"aS.ofHe impose on the people, he affected an exterior fcvCTaV" piety, and took a Persian surname, which sigprinces, & ni&es, sent from God. He fixed his residence T^«t.the at Adrianople as soon as he began his reign; but he was hardly established there, before he was obliged to repass into Asia to quell a sedition. History does not name, either the seditious, or the place of their assembly. All that we know is, that some bashaws, believing Amurath too much occupied with his conquests in Europe to be able to think of maintaining his power in Asia, attempted to shake off the yoke; that the sultan, who had just concluded a treaty with the Greek emperor, John Paleologus, passed the straits of Gallipoli, marched against the rebels, vanquished and dispersed them in a single battle. The sultan tan soon returned to Europe, where, according ^^f0' to Calcohdilus, he flew on the wings of love. Hes- 7«1»

to 791.

The second year of his reign he took the town v—v—» of Phera* from the Triballians,f who had takeni it themselves from the Greek emperor; he then attacked the despot of Servia, but was so favorable to this feeble enemy, as to spare his troops, and even his country, on condition of his giving his daughter in marriage to the vanquisher. Amurath certainly had never seen this princess, for in that age, the Greek women were nearly as much sequestered as the Mahometan ones. If Amurath purchased the hand of the princess of Servia at the price of a province, it was without doubt on the reputation of her beauty. Moreover, Amurath was certain of conquering Servia the first moment he Ihould take the pains to enter it. He reduced some Misian and Triballian despots; he imposed even personal taxes on those of their subjects who persisted in Christianity; but those who had borne arms, and would become MufTulmen, were enrolled among the spahis. The sultan distributed lands to some others, on condition of their entertaining during a war a horse and some soldiers proportionably to the value of their possession. In this manner he attached them to his service by favors, which he could deprive them of at every in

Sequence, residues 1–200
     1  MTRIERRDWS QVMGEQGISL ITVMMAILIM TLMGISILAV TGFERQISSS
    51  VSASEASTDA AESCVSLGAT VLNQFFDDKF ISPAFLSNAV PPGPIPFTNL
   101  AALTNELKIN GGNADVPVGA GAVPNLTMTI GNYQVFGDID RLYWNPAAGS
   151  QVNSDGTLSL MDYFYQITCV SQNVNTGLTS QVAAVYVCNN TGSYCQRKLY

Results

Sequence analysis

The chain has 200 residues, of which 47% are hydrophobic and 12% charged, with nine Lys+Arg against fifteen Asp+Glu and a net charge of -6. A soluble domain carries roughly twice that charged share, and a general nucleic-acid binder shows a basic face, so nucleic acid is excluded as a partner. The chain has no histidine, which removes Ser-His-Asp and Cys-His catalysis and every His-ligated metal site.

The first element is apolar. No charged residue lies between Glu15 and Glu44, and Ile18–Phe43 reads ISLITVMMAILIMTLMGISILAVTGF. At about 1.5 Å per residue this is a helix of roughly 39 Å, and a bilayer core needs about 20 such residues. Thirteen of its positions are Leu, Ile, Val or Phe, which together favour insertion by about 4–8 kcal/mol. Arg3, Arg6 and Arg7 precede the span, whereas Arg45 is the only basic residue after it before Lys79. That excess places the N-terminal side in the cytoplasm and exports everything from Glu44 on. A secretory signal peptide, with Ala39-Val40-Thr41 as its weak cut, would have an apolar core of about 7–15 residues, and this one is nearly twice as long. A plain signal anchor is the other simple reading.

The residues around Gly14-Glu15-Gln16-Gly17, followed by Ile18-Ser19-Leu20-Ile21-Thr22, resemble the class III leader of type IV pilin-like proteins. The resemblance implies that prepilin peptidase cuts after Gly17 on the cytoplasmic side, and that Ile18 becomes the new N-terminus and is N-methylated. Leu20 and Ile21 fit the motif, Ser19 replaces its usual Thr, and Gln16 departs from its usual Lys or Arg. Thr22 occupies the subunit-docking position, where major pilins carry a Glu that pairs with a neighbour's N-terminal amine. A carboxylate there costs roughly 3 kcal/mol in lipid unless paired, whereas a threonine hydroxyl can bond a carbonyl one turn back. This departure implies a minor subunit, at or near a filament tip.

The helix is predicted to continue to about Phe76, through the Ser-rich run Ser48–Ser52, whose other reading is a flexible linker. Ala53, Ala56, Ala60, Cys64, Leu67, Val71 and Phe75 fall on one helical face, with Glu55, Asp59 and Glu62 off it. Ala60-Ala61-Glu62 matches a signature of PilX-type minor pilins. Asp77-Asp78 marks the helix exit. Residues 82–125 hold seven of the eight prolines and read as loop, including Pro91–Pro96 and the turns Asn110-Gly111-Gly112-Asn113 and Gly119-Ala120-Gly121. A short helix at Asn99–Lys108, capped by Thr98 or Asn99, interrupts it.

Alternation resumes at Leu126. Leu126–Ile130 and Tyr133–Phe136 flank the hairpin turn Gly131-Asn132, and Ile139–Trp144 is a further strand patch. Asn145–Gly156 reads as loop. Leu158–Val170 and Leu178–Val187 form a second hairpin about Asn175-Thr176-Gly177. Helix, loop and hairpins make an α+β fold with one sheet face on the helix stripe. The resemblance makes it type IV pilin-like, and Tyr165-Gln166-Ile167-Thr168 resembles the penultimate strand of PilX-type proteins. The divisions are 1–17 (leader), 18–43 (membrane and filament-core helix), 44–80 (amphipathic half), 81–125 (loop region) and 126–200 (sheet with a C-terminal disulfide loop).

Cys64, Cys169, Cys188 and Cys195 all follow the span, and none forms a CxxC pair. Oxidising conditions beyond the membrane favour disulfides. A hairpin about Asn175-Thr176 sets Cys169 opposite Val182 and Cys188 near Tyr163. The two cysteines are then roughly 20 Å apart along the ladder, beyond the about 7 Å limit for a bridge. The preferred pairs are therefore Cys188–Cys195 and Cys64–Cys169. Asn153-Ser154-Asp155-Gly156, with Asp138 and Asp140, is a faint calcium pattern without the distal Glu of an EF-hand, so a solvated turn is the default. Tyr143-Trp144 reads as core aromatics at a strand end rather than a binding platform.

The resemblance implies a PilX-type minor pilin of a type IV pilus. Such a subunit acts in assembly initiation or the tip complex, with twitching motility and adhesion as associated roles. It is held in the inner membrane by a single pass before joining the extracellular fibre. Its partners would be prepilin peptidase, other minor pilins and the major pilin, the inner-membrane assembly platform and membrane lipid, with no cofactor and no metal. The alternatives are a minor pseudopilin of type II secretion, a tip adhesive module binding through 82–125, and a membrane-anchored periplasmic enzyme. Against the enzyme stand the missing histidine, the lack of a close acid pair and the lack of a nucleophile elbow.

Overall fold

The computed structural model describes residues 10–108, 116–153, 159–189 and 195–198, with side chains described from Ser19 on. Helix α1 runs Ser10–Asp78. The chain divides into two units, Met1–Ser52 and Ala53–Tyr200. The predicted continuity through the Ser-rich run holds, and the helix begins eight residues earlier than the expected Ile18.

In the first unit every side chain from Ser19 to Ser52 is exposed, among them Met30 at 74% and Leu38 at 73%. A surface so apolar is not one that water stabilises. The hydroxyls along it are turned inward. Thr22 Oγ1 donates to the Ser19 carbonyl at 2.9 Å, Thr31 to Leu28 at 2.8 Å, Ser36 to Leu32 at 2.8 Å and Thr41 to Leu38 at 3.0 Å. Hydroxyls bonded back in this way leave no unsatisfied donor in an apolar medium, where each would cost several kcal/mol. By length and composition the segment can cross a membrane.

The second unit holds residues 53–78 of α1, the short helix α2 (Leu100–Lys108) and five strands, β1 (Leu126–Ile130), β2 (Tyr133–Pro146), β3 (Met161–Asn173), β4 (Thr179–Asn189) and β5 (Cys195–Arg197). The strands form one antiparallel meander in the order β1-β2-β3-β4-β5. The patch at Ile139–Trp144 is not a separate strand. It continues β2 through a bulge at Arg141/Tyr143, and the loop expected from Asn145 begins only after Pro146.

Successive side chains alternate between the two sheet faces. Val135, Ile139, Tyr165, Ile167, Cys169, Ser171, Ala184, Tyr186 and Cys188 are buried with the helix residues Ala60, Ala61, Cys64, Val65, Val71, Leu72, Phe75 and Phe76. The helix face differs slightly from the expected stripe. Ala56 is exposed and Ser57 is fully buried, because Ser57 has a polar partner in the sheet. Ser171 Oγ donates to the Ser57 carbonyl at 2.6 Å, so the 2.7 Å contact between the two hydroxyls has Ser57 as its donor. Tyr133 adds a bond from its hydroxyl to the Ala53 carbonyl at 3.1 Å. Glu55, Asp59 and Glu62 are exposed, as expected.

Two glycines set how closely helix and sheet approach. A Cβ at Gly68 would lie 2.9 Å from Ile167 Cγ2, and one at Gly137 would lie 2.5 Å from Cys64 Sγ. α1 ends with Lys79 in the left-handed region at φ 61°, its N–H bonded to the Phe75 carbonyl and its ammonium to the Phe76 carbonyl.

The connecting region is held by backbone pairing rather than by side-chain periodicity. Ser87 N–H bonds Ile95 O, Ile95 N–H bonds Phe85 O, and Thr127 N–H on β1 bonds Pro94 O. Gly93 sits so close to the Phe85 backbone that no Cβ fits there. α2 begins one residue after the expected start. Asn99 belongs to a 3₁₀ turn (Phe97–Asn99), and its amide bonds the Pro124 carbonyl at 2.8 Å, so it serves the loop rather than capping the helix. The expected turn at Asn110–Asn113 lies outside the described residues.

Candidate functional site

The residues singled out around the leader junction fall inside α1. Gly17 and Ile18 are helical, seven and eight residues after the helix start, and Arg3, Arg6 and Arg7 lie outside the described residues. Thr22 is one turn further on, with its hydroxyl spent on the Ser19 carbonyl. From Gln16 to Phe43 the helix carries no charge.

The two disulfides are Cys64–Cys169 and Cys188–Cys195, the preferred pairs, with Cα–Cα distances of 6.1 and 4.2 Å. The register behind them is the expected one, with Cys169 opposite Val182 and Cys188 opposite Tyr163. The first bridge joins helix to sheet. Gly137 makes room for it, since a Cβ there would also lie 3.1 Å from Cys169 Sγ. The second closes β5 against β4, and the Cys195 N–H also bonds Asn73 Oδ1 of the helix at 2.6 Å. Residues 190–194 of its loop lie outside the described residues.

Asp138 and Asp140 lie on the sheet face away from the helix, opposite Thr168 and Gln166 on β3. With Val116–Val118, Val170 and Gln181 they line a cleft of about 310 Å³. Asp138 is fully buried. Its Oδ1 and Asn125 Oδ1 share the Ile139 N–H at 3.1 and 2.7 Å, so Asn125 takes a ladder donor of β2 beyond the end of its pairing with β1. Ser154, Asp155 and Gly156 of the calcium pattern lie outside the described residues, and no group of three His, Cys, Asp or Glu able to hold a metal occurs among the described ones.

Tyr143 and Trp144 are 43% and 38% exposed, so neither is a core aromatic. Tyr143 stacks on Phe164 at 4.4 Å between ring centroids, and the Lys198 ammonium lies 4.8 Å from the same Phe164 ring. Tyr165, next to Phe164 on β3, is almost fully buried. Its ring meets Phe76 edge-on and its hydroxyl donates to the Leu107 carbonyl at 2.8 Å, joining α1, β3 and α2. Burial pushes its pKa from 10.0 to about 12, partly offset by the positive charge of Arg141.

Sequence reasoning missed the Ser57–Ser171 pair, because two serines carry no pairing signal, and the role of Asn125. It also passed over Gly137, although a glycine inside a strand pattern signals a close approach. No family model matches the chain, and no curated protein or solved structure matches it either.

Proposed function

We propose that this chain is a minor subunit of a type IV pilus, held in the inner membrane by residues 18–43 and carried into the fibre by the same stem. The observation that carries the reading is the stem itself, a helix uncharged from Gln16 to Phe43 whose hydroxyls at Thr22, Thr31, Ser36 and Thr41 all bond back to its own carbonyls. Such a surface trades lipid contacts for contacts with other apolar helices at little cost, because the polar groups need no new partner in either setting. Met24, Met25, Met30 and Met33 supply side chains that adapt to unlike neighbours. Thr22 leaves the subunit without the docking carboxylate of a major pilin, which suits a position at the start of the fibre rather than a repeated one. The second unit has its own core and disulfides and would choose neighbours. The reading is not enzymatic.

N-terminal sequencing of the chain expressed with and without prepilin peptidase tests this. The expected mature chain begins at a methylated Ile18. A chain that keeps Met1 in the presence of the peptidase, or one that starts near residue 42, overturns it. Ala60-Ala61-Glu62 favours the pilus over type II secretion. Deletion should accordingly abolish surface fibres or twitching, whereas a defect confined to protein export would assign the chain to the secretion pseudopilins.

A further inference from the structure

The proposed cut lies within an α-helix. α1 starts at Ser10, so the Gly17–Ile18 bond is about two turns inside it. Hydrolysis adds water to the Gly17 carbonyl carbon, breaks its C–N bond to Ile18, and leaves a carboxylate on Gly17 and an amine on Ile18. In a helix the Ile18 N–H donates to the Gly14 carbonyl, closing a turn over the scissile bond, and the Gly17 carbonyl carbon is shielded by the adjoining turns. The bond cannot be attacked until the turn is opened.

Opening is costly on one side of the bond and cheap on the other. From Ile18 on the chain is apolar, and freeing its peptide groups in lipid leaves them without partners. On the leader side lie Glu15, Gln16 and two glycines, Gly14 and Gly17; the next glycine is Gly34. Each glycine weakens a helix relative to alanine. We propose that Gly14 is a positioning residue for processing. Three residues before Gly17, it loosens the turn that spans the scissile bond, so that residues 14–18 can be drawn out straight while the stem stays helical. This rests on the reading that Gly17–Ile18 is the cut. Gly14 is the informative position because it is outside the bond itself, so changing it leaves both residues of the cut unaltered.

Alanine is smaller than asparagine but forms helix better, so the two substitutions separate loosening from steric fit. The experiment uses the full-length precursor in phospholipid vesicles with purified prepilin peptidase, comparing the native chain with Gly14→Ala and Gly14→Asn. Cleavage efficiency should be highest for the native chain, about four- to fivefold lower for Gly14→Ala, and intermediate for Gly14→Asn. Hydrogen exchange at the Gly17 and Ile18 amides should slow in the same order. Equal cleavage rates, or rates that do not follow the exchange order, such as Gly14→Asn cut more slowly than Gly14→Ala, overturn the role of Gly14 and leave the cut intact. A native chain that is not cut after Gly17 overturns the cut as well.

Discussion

E . stant,

* Phera was on the frontiers of Macedonia, on the borders of Servia, and served as a rampart to that Drovince.

f People of Bulgaria and Servia.

J.c-1360, ftant ancj that were to pass to their eldest son*

to 1309. * *

Hes- 761. only on the fame condition; even at this day,

to 791. J * *

«—ir—» these military benefices, called dinars, given by
Amurath I. or by his successors, are so in the
hands of the prince, that a timarian is as much
afraid of losing the inheritance that he possesses,
whether from his father or the emperor, as if it
were a daily pay which the least discontent or
caprice could take from him.
Heesta- Amurath paid still more attention to his

janissaries, infantry, which he justly regarded as the-Prin

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cipal force of armies. He established the corps of janissaries as we fee it at this day: and, rj by the advice of Kara Ali his grand vizier, he ordered, that the fifth part of the slaves that should be made from the enemy, (for the Turks call their prisoners of war by no other name,) should belong to the sultan, and that these foreigners, having embraced Jflamism,* should form a new corps, which Amurath fixed at ten thousand men, but it was afterwards considerably augmented. He divided them into odas or chambers, at the head of which he appointed

particular

* The Turkish emperors regard all those that become Mussulmen as subjects. Submission to the Alcoran implies always the privilege of naturalization. A renegade is sometimes prime minister of the empire. There is no other rank in Turkey than that of employments, and every Mussulman, without distinction, is capable of being appointed. The slaves taken ir> war, or given by tributary nations, if they are brought up from insancy in the Mussulman religion, or in military discipline, either in the seraglio or in some oda, are much surer of succeeding to high employs, than the inhabi tants of towns.